Marty Jones of the agency Mass Development is a part of a state task force that’s trying to position the Massachusetts bases in a positive light to prevent closures. She said that MIT's planned project will protect Hanscom from additional cuts.
 
"I think everyone understands technology is important today," she said. "And having a facility that is really cutting-edge and innovative should be something that's important when they're looking at which installations to close."
 
MIT already does a lot of business at Hanscom. According to the Boston Globe, about 3,200 MIT employees and 500 private contractors work at Hanscom — and the university is among the base’s biggest tenants. The research facility is expected to win approval in Washington.
 

Skylines Across the World

Monday, April 2, 2012
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April 2, 2012

shanghai

Shanghai skyline (Photo by Antony Wood for the Council on Tall Buildings and Urban Habitat)




Centuries ago, cities were known by their church steeples and towers, but with innovations in architecture, especially in steel frame technology and elevators, city skylines have transformed.  Paul Goldberger, architecture critic for The New Yorker, shares a brief history.

For even more stories about tall buildings around the world, watch the NOVA special on Ground Zero, learn more from the Council on Tall Buildings and Urban Habitat or view the complete list of tall buildings at The Skyscraper Museum website.

James Cameron: Diving Deep, Dredging Up Titanic

By NPR Staff   |   Sunday, April 1, 2012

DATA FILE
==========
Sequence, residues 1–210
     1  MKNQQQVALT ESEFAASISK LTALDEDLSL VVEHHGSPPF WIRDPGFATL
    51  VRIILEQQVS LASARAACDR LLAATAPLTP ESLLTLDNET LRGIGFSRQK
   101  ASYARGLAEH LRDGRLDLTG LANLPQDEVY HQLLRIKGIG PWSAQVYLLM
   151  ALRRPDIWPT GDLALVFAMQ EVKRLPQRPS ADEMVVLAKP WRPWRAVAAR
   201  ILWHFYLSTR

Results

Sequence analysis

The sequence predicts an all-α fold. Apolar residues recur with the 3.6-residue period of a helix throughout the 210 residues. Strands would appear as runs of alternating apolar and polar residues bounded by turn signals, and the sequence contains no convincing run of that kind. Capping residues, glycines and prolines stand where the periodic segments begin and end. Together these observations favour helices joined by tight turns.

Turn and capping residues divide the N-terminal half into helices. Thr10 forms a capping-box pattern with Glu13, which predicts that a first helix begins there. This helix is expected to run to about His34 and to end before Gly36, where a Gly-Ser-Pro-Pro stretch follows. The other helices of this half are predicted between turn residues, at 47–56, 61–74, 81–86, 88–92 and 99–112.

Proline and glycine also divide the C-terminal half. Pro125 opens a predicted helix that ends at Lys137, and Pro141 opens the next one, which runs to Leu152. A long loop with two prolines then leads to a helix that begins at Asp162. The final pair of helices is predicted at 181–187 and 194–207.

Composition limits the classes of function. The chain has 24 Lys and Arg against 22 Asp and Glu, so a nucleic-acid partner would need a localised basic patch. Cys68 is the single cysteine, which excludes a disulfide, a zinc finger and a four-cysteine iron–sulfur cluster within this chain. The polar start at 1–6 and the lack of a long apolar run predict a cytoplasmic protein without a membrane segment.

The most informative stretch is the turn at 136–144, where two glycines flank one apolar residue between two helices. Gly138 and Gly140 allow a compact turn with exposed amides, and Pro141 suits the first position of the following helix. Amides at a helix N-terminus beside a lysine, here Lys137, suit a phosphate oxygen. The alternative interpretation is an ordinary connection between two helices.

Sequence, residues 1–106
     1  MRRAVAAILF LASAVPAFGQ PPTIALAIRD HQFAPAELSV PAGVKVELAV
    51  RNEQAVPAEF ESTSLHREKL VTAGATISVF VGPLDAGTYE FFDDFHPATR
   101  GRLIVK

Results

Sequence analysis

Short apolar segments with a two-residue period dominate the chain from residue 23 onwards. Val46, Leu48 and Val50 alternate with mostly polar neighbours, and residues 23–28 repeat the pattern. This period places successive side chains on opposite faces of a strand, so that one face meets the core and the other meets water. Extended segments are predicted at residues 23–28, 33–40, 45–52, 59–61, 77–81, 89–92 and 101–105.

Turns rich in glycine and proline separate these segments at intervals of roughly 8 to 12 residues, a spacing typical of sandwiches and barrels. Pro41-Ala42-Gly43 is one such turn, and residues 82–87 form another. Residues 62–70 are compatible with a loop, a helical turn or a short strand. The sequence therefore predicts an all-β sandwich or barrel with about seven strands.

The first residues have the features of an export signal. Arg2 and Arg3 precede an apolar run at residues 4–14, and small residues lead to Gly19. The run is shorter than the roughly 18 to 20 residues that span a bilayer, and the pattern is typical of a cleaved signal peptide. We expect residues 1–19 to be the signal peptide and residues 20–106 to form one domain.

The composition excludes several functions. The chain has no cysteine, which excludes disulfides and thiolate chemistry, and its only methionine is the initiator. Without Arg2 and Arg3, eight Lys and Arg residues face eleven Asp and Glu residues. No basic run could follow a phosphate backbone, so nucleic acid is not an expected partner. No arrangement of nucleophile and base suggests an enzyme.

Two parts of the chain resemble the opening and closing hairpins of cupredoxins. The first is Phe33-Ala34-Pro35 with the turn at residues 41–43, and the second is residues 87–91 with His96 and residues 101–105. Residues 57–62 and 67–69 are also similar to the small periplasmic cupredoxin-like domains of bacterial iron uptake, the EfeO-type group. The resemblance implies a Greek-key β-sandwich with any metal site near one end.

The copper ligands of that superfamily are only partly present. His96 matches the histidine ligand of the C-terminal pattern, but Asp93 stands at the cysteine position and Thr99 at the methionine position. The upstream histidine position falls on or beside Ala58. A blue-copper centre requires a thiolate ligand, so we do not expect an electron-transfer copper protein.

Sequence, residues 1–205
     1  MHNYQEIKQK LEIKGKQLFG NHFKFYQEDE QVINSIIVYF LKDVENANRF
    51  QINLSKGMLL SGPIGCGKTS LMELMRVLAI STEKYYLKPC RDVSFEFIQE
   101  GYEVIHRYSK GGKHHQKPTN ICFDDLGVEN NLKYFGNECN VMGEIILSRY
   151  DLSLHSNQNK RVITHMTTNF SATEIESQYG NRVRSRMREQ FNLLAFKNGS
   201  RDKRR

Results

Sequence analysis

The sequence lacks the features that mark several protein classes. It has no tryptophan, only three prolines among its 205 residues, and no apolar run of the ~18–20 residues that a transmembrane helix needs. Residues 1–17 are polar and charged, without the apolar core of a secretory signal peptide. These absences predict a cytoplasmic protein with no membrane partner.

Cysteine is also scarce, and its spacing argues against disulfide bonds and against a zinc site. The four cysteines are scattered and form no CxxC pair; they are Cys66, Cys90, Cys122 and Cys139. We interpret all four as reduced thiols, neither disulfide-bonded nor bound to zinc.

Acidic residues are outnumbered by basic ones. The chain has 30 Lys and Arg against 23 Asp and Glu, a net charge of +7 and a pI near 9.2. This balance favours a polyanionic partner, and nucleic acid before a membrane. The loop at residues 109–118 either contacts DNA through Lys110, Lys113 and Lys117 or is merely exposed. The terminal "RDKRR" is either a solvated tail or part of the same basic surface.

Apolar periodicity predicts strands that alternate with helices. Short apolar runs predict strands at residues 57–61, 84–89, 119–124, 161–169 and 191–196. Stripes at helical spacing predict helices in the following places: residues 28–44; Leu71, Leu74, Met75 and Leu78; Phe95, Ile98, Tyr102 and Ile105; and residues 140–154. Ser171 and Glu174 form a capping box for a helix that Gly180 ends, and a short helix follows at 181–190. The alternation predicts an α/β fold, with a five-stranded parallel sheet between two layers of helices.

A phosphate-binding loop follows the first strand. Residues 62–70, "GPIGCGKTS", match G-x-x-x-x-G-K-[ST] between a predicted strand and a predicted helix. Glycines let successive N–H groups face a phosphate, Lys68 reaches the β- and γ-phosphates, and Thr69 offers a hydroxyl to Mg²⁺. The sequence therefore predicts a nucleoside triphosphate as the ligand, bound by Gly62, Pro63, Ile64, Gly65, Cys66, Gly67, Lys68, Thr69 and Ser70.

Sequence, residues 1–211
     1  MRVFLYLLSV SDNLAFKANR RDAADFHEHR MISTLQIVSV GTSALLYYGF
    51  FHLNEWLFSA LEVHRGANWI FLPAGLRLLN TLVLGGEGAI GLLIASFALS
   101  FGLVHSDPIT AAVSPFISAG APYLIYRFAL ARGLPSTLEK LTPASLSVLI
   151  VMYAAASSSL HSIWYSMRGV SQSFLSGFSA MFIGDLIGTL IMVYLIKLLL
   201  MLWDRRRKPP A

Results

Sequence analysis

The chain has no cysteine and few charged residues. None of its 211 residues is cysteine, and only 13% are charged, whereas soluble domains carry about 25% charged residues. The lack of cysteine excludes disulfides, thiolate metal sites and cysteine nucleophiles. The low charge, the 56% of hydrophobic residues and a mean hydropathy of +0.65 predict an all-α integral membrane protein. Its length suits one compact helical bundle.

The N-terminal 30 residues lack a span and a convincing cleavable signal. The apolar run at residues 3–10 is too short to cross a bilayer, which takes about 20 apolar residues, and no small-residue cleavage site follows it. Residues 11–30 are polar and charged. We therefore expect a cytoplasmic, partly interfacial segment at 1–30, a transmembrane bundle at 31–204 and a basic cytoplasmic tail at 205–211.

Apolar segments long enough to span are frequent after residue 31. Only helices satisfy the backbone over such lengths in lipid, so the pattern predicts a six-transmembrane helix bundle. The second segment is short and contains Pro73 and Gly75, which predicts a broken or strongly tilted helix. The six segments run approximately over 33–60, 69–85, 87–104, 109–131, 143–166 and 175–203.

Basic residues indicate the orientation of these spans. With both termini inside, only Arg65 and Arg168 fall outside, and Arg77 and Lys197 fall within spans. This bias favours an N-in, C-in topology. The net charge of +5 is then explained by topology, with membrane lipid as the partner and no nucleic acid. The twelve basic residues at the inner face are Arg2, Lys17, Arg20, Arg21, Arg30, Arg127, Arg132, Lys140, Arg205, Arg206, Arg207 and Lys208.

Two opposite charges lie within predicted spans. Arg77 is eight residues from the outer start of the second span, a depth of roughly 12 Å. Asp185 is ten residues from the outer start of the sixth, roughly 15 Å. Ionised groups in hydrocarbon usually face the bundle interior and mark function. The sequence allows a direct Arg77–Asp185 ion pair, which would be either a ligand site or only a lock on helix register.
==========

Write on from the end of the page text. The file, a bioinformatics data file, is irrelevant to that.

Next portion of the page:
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Lessons from a Fatal Crash

Wednesday, March 28, 2012
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March 28, 2012

airfrance

Air France Flight 447/Photo: Wikimedia Commons



Aviation safety expert John Cox helped investigate the fatal crash of Air France flight 447 in 2009. More than 200 people were lost in that crash, considered one of the worst accident in French aviation history.  Researchers now believe a stall was caused by iced-over instruments and two copilots with no training in manual aircraft handling at high altitude. They tipped the nose of the plane up, causing it to lose lift and speed as it climbed, instead of down, which would have increased the speed and prevented a stall.

NOVA Interactive: Learn more about the aeronautic principles of Lift and Drag

About the Authors
Sarah Birnbaum
Sarah Birnbaum is WGBH News' State House reporter. Send her a news tip.
Phillip Martin Phillip Martin
Phillip W. D. Martin is the senior investigative reporter for WGBH Radio News and executive producer for Lifted Veils Productions. In the past, he was a supervising senior editor for NPR, an NPR race relations correspondent and one of the senior producers responsible for creating The World radio program in 1995. He was a Nieman Fellow at Harvard in 1998. Learn more at liftedveils.org.